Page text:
Which Winch you Want
If you venture off the beaten path alone, a simple rope isn’t going to do you any good when you get stuck. For any wheeling, ESPECIALLY if you go solo, there is no question the one piece of recovery equipment you absolutely need is a winch. If you’re not familiar, a winch is a device which mounts on the front or rear of your truck and has a rotating drum with a cable wrapped around it which is retracted by an electric motor. All winches are rated by pounds of pulling power, and at first you might think to pick the option closest to the weight of your truck. As it turns out, a 7,500-pound winch on a 7,500-pound truck won’t do you any good, because you have to consider the extra resistance of the mud, snow, rocks, and anything else you need to pull your truck over or through. A good rule of thumb for winch sizing is to take the weight of your truck and add 50% and pick the next size up. For a 7,500lb truck an extra 50% would be 11,250lbs, which means you’ll want to choose either a 12,000 or 16,500lb winch to make sure you can get out of any situation you find yourself in.
Once you have the weight rating sorted out, there is still one more decision you’ll need to make; whether to pick a steel wire or synthetic rope. For the longest time, steel wire was the go-to. It’s inexpensive, very durable, and can withstand a lot of abrasion from rocks or trees, but a steel cable can kink, develop sharp burrs, rust over time, and if it ever does snap, there is a lot of stored energy which can cause harm if you get hit. Synthetic winch rope is lighter and just as strong as steel, plus it floats which is great for pond recoveries, but it is susceptible to UV damage from the sun or abrasion from mud and sand, but either option will last a lifetime if properly used, cleaned, and maintained.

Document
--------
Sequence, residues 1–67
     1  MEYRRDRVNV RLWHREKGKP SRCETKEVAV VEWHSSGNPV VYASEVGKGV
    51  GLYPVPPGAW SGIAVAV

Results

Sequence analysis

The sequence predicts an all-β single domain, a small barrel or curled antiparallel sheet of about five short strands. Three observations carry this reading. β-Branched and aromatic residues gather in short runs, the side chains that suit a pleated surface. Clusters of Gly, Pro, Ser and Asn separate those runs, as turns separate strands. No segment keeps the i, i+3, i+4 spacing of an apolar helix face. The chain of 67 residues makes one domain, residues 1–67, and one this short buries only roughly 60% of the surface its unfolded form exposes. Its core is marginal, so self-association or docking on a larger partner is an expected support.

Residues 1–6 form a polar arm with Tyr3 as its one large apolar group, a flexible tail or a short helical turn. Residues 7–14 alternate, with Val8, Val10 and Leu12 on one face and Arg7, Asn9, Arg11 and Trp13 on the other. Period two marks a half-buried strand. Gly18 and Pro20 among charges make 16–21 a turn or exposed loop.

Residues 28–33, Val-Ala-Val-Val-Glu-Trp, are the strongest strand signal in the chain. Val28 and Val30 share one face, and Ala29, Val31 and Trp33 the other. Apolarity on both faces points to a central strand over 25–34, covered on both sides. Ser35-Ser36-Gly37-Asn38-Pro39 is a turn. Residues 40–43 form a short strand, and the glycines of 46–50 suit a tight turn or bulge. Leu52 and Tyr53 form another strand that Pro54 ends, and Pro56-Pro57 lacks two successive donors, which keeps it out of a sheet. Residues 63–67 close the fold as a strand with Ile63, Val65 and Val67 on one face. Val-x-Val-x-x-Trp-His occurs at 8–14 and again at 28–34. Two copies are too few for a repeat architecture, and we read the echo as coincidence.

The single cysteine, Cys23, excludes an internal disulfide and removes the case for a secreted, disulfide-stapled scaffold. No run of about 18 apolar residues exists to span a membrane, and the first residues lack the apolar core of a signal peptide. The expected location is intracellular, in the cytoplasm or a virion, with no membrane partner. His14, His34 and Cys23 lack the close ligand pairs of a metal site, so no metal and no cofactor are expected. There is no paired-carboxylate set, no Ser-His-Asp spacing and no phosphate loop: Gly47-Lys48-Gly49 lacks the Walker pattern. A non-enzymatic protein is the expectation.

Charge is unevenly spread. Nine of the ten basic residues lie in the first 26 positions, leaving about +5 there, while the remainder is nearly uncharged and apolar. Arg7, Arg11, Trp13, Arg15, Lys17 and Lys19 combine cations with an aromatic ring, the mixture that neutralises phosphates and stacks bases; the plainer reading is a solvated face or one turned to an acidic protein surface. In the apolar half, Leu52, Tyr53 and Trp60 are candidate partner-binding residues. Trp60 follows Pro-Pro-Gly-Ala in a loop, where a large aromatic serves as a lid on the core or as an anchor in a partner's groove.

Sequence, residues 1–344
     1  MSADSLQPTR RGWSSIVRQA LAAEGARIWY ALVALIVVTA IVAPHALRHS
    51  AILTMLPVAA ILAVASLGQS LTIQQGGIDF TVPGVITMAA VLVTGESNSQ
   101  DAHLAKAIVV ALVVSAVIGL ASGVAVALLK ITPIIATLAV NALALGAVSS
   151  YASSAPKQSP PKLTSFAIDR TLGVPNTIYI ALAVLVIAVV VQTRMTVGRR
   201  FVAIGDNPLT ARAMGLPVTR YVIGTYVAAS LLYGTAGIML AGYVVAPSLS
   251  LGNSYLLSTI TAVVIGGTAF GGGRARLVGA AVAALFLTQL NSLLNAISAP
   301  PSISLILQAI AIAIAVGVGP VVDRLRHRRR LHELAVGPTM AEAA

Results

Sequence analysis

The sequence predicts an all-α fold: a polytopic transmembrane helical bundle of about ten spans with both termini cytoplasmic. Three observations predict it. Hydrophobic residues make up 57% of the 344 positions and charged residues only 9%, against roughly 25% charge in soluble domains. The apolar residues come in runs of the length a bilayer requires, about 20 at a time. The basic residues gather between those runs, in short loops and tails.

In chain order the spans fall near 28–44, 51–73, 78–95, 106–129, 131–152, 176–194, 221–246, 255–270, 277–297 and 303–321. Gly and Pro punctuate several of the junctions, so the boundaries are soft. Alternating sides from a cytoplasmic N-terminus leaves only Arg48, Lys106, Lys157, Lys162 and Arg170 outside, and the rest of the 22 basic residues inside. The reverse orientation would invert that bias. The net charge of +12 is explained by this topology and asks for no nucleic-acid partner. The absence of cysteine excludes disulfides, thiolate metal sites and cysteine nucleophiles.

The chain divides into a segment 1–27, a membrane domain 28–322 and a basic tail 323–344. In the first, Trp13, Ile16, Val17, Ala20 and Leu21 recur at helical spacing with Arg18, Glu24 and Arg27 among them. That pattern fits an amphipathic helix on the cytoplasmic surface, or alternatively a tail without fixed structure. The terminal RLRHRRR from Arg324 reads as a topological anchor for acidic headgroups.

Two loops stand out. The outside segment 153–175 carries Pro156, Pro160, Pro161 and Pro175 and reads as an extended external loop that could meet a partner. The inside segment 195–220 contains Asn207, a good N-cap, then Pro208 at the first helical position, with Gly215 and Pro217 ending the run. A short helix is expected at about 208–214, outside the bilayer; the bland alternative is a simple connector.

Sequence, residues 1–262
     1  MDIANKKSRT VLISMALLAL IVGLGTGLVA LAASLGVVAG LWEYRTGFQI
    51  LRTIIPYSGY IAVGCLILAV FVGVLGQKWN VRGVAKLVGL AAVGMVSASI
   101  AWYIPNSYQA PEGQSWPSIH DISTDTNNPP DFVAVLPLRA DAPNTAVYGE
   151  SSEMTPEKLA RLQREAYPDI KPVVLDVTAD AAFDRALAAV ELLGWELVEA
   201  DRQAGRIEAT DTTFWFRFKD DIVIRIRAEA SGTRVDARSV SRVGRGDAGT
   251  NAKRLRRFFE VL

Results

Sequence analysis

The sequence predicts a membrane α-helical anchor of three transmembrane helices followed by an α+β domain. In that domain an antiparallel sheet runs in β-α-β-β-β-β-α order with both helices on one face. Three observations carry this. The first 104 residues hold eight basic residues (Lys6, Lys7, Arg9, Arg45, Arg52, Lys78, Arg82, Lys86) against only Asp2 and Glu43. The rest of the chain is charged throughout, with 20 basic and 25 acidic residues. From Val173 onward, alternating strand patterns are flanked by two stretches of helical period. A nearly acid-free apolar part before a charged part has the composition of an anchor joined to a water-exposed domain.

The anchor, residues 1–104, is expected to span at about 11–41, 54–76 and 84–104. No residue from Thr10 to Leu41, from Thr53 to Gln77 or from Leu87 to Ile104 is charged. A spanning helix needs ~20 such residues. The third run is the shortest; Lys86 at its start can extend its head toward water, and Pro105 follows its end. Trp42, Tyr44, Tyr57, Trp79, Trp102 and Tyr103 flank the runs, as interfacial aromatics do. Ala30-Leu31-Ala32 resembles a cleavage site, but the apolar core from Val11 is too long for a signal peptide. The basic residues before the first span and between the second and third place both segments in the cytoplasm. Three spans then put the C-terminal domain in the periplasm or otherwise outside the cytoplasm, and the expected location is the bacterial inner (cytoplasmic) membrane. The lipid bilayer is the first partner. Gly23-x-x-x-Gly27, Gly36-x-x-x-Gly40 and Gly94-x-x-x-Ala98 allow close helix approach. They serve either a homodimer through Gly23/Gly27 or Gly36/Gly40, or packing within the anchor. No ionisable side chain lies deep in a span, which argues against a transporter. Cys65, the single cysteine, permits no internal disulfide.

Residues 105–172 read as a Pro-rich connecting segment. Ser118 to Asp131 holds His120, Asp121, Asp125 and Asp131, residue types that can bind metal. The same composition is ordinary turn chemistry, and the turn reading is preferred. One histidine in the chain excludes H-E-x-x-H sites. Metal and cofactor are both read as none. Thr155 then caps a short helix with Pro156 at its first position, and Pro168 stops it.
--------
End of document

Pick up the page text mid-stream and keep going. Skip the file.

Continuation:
Just having a winch doesn’t do you any good unless you have a way to securely bolt it to the frame of your truck, and most modern pickups don’t have any space behind the factory bumpers. The best solution is to install an aftermarket bumper which has been designed specifically for winch duty. While there are tons of designs available which will give your truck a commercial or agricultural look, AEV or American Expedition Vehicles offers some great looking and functional winch bumpers which won’t add a ton of weight and will look better than factory. They attach securely to the frame and can mount up to a 16,500-pound winch and keep it hidden in plain sight.